Many of us listened to Shaheen Juniad on Sunday, January 16th, 2022, as she spoke of her Muslim faith and of the Islamophobia that many face on a day-to-day basis. We have heard such terrible stories over the past few years: The senseless murder of six men in 2017 at the Islamic Cultural Center in Québec City. The family run down in London, Ontario in 2021. And the teacher in Chelsea, Québec who was removed from her position teaching Grade 3 students.
What can we do?
The Coalition Inclusion Québec (CIQ) is a group of citizens who are opposed to Law 21 (An Act respecting the laicity of the state). This legislation bans the wearing of religious symbols such as hijabs, kippa and turbans by teachers, lawyers and other government employees deemed to be in positions of authority.
Rev. Diane Rollert of the Unitarian Church of Montréal is one of the founding members of this coalition and a number of Lakeshore UU Congregation members have been involved in meetings and demonstrations.
A legal team has been working pro bono contesting the legality of this very unfair law. In April 2021, Justice Blanchard did not strike down the law in its entirety but made it clear that the law violates human rights and that the government’s use of the ‘not withstanding clause’ is excessive.
This case is pivotal for our constitutional future. If Law 21 is upheld because of the notwithstanding clause, the Québec legislature and legislatures across the country are likely to start invoking the “notwithstanding” clause as a matter of course, rendering constitutional protections of basic rights and freedoms meaningless. We have already seen this in Québec with the tabling of Bill 96 which proposes to make broad amendments to the Charter of the French Language and other laws. Following the pattern established by Bill 21, it too invokes the notwithstanding clause, this time to shield vast sweeps of government powers from the protections granted by the Canadian and Québec Charters of Rights.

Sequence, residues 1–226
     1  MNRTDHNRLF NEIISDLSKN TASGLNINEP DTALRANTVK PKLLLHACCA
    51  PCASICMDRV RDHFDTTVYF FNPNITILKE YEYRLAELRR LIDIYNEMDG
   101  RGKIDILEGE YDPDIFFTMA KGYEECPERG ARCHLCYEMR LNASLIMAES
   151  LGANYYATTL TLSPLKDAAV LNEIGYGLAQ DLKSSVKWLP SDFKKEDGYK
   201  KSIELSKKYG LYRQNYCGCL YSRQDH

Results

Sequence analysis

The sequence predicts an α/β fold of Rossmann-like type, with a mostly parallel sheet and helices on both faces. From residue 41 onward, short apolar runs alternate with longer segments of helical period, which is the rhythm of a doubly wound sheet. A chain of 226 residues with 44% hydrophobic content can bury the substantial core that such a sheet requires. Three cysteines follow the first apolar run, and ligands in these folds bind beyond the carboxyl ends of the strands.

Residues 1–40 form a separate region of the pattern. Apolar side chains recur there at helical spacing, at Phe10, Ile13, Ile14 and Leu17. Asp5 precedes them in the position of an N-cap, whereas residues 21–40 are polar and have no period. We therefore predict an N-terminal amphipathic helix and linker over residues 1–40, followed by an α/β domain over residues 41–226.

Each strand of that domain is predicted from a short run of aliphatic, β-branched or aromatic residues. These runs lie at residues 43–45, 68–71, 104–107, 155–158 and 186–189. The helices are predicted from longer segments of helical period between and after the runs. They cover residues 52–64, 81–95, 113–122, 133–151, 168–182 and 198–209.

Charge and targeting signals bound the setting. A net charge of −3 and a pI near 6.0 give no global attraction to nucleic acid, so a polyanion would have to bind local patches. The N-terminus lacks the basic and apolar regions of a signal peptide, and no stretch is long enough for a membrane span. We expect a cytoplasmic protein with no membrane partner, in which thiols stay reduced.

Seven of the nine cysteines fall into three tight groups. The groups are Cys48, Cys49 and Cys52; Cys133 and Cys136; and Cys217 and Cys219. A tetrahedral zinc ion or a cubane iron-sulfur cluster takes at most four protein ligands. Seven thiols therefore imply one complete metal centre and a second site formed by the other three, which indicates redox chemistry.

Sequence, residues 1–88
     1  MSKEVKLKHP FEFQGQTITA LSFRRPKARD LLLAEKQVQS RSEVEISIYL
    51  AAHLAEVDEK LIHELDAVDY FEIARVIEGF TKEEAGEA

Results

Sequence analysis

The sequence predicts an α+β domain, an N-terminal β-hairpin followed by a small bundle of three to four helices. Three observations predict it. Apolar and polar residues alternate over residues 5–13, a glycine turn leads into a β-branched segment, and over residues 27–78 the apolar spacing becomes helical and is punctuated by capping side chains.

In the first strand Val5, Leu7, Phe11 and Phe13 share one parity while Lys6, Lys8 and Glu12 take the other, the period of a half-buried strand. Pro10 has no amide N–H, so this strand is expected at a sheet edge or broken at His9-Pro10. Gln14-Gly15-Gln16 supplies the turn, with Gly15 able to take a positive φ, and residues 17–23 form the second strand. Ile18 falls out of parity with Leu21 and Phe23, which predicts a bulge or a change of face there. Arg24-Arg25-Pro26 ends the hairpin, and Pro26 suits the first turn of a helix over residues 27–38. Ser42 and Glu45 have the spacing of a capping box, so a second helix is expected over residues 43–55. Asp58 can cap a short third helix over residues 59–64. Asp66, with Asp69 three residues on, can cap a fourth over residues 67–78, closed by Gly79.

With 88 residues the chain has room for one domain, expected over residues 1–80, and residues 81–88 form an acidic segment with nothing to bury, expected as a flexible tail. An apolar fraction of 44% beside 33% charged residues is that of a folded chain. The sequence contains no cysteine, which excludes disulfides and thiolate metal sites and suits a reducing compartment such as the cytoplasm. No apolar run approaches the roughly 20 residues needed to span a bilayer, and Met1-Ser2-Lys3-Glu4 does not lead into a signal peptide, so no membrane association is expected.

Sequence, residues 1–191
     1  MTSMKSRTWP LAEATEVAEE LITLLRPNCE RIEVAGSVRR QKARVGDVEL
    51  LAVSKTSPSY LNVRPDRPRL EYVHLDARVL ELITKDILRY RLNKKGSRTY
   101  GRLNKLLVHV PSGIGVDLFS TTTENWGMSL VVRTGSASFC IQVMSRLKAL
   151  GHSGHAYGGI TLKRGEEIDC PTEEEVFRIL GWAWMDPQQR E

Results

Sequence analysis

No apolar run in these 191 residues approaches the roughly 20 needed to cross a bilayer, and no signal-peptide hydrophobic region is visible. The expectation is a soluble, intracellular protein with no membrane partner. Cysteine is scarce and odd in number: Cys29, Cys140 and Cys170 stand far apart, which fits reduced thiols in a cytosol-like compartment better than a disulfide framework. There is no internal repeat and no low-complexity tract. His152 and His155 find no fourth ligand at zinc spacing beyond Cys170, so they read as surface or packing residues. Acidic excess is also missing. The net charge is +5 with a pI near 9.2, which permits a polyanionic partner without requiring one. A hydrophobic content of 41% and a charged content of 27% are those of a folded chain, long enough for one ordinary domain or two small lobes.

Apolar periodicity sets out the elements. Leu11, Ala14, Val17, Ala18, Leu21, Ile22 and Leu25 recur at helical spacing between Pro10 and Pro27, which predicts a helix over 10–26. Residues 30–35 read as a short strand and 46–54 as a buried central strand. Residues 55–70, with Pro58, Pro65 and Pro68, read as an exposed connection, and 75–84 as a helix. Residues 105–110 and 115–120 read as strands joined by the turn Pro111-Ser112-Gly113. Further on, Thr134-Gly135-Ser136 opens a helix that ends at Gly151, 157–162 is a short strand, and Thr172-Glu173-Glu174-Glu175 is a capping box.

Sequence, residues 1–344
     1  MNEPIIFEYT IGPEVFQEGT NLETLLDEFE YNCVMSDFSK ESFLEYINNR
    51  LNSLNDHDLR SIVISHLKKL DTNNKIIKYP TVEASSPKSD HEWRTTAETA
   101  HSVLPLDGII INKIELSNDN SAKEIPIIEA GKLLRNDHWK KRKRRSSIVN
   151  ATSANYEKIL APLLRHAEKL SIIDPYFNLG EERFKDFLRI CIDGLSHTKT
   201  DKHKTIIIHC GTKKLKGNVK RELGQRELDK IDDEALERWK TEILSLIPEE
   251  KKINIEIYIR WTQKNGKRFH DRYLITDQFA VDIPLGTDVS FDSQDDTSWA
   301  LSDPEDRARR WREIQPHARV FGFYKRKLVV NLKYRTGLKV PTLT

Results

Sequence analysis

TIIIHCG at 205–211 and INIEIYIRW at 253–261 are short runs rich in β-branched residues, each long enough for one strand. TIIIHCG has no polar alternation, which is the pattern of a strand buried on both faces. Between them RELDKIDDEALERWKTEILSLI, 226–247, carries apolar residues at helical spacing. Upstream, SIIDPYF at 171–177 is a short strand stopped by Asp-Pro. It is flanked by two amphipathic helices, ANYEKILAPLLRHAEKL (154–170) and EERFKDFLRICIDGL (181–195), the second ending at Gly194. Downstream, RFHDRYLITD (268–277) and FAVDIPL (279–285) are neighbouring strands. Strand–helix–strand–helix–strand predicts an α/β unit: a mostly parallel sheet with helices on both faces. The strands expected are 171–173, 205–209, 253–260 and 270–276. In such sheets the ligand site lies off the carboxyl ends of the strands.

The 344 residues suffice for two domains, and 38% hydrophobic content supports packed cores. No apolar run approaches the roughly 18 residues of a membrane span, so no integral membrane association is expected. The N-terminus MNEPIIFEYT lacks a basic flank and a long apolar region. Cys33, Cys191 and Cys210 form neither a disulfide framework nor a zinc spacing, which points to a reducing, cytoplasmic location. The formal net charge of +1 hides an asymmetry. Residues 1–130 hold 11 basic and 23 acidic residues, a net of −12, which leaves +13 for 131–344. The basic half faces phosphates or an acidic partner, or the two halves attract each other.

On June 2, 2021, the CIQ filed a declaration of appeal, setting out eight distinct grounds of appeal. CIQ’s case is one of four cases which had been joined for trial and which are now before the Court of Appeal. They expect that the case will then be heard in the Court of Appeals sometime in the fall of 2022.
Their lawyers continue to work pro bono, dedicating literally thousands of hours of legal work to the case without charging a penny for their time.
However, there are still costs that must be covered. There are over 10,000 pages of exhibits and expert reports from the trial record which must be reproduced for the Court of Appeal. As well, there are costs for preparing and reproducing the physical copies of the briefs that will be filed.